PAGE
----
Sample the range of Svankmajer’s wild and fertile imagination over a quarter-century of artistic lunacy through this delightful group of shorts films, which includes the absurdist live-action THE GARDEN, never previously screened theatrically in the U.S. The program also includes: THE FLAT (BYT), 1968, 13 min.; THE GARDEN (ZAHRADA), 1968, 19 min.; JABBERWOCKY (ZVAHLAV), 1971, 12 min.; DIMENSIONS OF DIALOGUE (MOZNOSTI DIALOGU), 1983, 11 min.; ANOTHER KIND OF LOVE, 1988, 4 min.; FLORA, 1989, 20 seconds; MEAT IN LOVE, 1989, 1 min.; and THE FOOD (JIDLO), 1992, 17 min. In Czech with English subtitles. 35mm and digital video. (BS)
- SURVIVING LIFE (THEORY AND PRACTICE)
- ((PREZIT SVUJ ZIVOT (TEORIE A PRAXE))
- 2010, Jan Svankmajer, Czech Republic/Slovakia/Japan, 109 min.
- With Vaclav Helsus, Klara Issova
“Accessible, entertaining…an amiably goofy yarn.”
—Leslie Felperin, Variety
“Svankmajer’s most poignant and fully-formed feature to date…just dreamy.”
—David Jenkins, Time Out London
Dreams are at the core of this Czech master’s latest work, a film one critic labeled an “ingenious psychoanalytical comedy.” Evzen, a middle-aged office worker, dreams of the same exotic young woman dressed in red every night, a secret he keeps from his wife. Whimsy competes with Svankmajer’s droll trademark grotesquerie as the love-smitten suitor alternates assignations with his dream lover with appointments on the analyst’s couch, where he agonizes under animated portraits of Freud and Jung. In Czech with English subtitles. 35mm. (BS)
- CONSPIRATORS OF PLEASURE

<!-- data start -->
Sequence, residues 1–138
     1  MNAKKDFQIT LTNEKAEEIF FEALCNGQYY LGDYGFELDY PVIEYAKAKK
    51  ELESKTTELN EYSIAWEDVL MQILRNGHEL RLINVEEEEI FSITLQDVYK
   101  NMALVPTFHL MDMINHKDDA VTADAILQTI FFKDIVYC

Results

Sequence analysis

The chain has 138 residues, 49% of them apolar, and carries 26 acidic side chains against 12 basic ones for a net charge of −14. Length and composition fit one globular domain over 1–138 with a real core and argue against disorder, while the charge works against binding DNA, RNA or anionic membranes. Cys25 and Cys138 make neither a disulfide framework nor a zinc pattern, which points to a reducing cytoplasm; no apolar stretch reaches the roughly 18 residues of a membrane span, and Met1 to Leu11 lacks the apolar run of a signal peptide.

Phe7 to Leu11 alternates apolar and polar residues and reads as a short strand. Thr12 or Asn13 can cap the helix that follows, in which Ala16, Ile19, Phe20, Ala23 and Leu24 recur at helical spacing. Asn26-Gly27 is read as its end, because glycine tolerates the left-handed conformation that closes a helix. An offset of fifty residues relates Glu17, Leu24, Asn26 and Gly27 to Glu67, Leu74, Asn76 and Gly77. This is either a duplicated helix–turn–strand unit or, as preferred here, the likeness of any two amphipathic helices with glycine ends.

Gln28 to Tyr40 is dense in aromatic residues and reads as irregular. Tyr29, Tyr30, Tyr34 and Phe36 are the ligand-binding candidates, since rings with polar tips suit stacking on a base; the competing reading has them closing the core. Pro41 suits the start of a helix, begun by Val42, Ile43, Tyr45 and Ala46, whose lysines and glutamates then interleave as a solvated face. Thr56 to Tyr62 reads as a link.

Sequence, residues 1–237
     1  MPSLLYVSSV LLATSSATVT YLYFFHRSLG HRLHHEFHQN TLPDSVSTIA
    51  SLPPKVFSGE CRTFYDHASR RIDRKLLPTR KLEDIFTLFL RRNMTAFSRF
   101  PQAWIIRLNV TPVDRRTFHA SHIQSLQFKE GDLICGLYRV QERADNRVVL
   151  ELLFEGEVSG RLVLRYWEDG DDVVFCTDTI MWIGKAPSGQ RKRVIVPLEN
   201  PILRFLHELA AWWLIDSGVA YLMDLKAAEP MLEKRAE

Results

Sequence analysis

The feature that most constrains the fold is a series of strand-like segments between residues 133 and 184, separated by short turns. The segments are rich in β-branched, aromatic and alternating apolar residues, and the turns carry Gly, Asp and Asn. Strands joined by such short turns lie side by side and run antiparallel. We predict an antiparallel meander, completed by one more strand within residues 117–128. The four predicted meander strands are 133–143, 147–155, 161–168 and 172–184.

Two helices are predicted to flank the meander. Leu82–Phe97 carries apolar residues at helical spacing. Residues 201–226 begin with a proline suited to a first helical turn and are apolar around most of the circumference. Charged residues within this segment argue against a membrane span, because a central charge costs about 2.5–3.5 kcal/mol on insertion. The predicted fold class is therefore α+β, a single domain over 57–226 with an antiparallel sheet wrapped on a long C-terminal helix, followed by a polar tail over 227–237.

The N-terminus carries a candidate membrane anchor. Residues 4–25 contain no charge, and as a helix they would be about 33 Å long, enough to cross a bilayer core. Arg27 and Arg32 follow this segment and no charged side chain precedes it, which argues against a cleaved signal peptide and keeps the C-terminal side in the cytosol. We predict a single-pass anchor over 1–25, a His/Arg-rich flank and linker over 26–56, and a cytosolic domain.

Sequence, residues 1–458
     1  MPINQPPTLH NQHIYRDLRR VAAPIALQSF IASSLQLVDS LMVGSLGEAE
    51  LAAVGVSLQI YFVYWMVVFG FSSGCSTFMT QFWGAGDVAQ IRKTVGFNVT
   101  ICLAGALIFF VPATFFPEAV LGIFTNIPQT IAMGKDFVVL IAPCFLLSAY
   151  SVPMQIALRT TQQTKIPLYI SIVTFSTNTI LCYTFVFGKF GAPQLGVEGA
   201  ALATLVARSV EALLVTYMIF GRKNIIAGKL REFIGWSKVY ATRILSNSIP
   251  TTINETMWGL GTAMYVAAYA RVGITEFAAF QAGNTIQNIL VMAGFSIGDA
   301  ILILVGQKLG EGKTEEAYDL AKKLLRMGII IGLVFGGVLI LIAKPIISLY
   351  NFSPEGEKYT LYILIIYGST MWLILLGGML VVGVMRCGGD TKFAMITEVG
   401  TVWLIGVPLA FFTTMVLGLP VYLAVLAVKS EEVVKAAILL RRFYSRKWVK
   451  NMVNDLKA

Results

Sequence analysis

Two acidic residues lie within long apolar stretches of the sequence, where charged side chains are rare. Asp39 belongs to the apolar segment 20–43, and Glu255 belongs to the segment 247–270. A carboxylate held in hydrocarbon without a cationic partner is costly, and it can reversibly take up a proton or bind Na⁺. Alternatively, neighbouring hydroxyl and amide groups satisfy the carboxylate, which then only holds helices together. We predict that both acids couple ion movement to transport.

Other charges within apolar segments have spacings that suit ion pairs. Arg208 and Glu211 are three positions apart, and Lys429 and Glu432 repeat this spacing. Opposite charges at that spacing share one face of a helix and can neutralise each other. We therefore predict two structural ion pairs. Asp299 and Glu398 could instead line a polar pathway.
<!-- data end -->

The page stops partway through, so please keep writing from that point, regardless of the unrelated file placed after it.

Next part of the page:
- (SPIKLENCI SLASTI)
- 1996, Jan Svankmajer, Czech Republic/Switzerland/UK, 75 min.
- With Petr Meissel, Gabriela Wilhelmova
“Seriously funny and cheekily subversive.”
—Stephen Holden, The New York Times
“So over the top as to be beatific…a must see.”
—Jessica Hayes, FilmThreat.com
A kinky clutch of self-gratifiers is linked through their singular obsessions in this tale of autoerotic rituals featuring love aids as unorthodox as a papier-mache chicken head, goldfish, a candle-lit crypt, nails, bristles, and skeletons. In Svankmajer’s hands fetishism scales the heights of bizarre imagination as two neighbors enact elaborate murder fantasies of each other, functioning as unknowing enablers in a chain of co-fetishists that encompasses the mail carrier, a newspaper vendor, a TV news anchor, and the police commissioner. CONSPIRATORS OF PLEASURE has no dialogue. 35mm. (BS)
- 2005, Jan Svankmajer, Czech Republic/Slovakia/Japan, 123 min.
- With Pavel Liska, Jan Triska
“Dark, scary…a comic metaphor for human existence itself.”
—J. Hoberman, Village Voice
“Joyously profane…a bleakly ribald farce.”
—Sam Adams, Philadelphia City Paper
If the world is a madhouse as LUNACY suggests, then Jan Svankmajer is its foremost hallucinating visionary. In the film’s prologue, the director declares his bizarre and capricious work a tribute to Edgar Allen Poe and the Marquis de Sade. Visceral horror and sadism come to bear equally in this story of Jean, a traveler whose nightmare of being committed to an institution launches a series of terrifying adventures involving a demented count, orgiastic rituals, and a revolt in an insane asylum. In Czech with English subtitles. 35mm. (BS)
- LITTLE OTIK
- (aka GREEDY GUTS)
- 2000, Jan Svankmajer, Czech Republic, 127 min.
- With Veronika Zilkova, Jan Hartl
“A handmade dream…more imagination than most of us can muster in our most fevered states.”
—Elvis Mitchell, The New York Times
“The year’s creepiest representation of maternal love.”
—J. Hoberman, Village Voice
There couldn’t be a more aptly creepy parable for the age of designer babies and human genome research than LITTLE OTIK. A couple frustrated by their lack of progeny impulsively fashion a craggy little humanoid from an old tree stump dug up in the garden. True to the formula of a Czech folk tale, the “baby” comes to life and demonstrates a horrifyingly voracious appetite for vittles, starting with the family cat. Svankmajer blends archetypal live action characters with bizarre and compelling animation as the monster dominates his parents and finds a friend willing to protect him in the precocious little neighbor girl. In Czech with English subtitles. 35mm. (BS)